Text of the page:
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  3. I come back to the collective representationalism and my suggestion was that with the example of Saint Augustine, one could come back first to the roots of the ruptures between the pagans and the Christians (The city of God) as well as the possibility of fusionism in the customs for the people to adapt gradually to new forms of life (that was a clever understanding for a Christian Prince to succeed to be adopted by mostly pagan people living on his freshly conquired land, the choice to be liberal on practical grounds). it is a good example as well as to understand the symbolic ties between labour and the Christian dogma, labour is continuity of the personality of Godness on earth. Second as in Plato, manual labour is the practical base of ascetism as Saint Paul shows, it keeps people away from passions and excessive pride, the manifestations of the excessive ego. This is no surprise as to find there the base of the model of society imagined by More in Utopia (Plato) where the status of labour is in the center of the possibility of harmony between a community of men. The same could be said for Marx whose messianism is obvious. Now let’s have a quick look at Aristotle and distinguish that his view of happiness is connected with his finalism (the principle of individuation, form and substance will still be the main subject of the scholastic philosophy and theology), the general teleology and see in it that the condition of an individual to florish is to find his contribuction to it, to do what he is the most gifted for. Now what is all this infatuation connected with ? Understanding on how we relate labour and happiness, and duty in public and private questions, our meanings of life, in which psychology would falsely investigate from the common internal constitution are to be investigated descriptively, externally, in the innumerate ways they have been an outcome of a milieu, in a vague and diffused form and became more or less common to the community

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    1. Well, it may be that these people theorized correctly or not about the virtues of work though probably never did much themselves, Marx for example relying on Engels’s experience in the factory – who was just there for the experience anyway being the son of a rich industrialist, well, at least it wasn’t a proper developer. And anyway labor for Marx had mostly utilitarian value in that it brought workers into collective arrangements we’re they could potentially pool their common will. All very good, as we know, but I was not being metaphorical to much, only going on about the story embellished into the surface of the broadaxe. On one level about pious and observant axemen, (and if we were to take on the broader view which really cannot be excluded we would remember to include the Feminist perspective and say also the women who fed and cleaned up after those axemen, you know, wiped the soup from the corner of their beards with a cloth), who may have been, or maybe not, even a bit full of themselves and yet unknowingly play their part in this collectivity of memory.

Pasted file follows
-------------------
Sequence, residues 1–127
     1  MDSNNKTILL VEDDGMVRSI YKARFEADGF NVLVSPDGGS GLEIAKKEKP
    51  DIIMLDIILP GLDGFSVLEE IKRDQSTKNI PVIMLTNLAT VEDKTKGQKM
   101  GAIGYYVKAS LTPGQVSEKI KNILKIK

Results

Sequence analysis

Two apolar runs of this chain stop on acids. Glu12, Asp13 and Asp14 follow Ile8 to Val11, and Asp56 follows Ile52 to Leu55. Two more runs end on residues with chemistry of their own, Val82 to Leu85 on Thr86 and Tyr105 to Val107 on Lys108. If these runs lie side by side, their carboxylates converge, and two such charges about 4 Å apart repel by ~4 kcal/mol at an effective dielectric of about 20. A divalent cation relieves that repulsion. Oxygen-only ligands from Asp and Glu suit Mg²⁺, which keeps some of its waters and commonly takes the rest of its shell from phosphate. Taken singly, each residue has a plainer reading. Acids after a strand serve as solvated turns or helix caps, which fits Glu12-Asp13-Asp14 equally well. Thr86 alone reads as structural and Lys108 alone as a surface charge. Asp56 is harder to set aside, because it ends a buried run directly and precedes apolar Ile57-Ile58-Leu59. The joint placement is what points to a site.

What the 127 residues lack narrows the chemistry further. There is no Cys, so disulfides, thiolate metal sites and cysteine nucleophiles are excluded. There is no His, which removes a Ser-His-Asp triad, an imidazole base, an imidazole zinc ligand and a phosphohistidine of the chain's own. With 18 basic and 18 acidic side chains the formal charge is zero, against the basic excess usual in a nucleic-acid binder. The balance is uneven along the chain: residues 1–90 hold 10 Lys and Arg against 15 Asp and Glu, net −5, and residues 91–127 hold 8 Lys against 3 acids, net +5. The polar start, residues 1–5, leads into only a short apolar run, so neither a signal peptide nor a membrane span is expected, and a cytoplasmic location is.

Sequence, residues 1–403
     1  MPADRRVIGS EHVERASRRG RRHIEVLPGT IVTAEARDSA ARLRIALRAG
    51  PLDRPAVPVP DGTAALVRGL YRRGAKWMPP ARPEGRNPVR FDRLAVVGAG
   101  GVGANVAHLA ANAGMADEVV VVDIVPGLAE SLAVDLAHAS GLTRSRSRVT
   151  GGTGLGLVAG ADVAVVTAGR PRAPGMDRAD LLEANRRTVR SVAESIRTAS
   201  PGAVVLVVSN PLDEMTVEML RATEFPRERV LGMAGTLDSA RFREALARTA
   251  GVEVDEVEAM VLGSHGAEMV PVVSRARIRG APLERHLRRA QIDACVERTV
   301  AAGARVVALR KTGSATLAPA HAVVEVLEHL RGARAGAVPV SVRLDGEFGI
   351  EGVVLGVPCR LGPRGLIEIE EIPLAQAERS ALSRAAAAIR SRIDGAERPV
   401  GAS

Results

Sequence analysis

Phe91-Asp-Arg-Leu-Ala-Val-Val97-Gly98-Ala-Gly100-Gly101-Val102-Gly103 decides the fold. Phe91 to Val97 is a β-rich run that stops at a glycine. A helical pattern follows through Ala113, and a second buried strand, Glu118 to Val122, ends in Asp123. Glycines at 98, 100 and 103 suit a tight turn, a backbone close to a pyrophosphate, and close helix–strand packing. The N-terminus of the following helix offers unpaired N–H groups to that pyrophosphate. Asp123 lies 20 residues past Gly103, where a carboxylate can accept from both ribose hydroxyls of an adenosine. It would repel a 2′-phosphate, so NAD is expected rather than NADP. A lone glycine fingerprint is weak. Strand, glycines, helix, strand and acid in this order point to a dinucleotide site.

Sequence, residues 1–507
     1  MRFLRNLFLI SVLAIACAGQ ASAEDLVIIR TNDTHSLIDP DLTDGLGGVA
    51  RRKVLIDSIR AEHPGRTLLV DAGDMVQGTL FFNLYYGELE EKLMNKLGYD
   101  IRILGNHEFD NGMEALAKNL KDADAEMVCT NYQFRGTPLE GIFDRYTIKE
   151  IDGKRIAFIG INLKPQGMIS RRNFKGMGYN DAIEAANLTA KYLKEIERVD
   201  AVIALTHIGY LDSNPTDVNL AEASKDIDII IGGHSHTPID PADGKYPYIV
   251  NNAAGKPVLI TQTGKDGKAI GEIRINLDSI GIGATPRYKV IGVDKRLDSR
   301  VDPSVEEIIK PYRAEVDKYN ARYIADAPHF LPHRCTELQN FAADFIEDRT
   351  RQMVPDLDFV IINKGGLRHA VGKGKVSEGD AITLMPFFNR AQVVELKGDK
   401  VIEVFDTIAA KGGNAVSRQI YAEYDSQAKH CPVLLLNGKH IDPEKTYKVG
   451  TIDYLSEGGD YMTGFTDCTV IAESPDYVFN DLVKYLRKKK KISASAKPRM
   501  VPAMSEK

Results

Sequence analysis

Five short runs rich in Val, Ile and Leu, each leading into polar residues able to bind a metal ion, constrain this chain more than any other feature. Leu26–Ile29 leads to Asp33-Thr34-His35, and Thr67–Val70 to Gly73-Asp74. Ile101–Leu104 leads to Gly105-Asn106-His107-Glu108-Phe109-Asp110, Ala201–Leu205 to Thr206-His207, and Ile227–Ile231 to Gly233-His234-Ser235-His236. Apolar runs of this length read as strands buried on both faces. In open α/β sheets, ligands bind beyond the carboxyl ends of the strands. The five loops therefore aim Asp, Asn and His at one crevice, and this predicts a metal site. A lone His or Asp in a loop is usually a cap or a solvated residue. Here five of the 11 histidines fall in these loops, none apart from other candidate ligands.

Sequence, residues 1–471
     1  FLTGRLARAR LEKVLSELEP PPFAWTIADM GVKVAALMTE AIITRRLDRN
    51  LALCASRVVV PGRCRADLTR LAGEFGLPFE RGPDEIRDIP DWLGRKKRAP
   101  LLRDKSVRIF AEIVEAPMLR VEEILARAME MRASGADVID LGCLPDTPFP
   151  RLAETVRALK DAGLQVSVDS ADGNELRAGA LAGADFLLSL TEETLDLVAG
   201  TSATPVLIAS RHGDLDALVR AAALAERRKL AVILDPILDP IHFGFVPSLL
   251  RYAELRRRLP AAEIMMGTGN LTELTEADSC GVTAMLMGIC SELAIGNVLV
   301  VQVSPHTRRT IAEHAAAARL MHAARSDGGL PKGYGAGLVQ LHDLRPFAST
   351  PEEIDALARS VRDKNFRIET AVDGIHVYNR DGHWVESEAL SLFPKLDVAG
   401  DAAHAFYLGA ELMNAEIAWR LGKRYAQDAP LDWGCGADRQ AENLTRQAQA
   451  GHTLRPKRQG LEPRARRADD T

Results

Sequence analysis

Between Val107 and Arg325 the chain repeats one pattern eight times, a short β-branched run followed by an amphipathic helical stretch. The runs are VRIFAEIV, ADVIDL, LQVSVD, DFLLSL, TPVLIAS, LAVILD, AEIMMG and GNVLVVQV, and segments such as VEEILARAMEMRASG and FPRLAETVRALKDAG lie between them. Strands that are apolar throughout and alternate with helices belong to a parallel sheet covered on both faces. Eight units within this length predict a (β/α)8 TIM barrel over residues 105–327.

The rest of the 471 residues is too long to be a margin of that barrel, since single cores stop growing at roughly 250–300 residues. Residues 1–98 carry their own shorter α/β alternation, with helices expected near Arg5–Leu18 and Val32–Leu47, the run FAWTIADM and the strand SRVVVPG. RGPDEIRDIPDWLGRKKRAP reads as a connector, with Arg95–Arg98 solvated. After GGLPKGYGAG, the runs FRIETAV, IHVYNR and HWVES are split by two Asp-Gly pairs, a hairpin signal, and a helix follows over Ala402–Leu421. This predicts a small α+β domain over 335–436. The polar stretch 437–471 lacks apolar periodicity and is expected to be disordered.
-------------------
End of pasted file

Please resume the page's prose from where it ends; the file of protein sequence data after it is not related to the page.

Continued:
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  4. yes, it is just a model of construction for Marx, and one may see more Chistianism and Marxism extracted out of ancient Greek Philosophy which was at first moral in a practical way, utilitarian (different than the modern doctrine of utilitarianism which his based on Hume’s psychology). At the end it became favorable to a monotheist conception but still kept under the prescription of a certain henotheism.For Marx, labour is both alienation coming from the division of labour, and freedom over nature’s alienation both being undissociable from any stage of culture which is a state he includes in human total mode of existence. His position is less moral than sociological, given that communism is a better order of organization as a human potentiality, being a man from the nineteenth century, darwinian views possibly penetrated his conception of the evolution of society and Marx adapted its materialist priority to the dialectical interpretation of history of Hegel, most surely he sees it as a mechanical évolution of society through the tensions between the organisation of production and the productive forces. Now if you want the criticism of christian morality of labour, take a look at Nietzsche.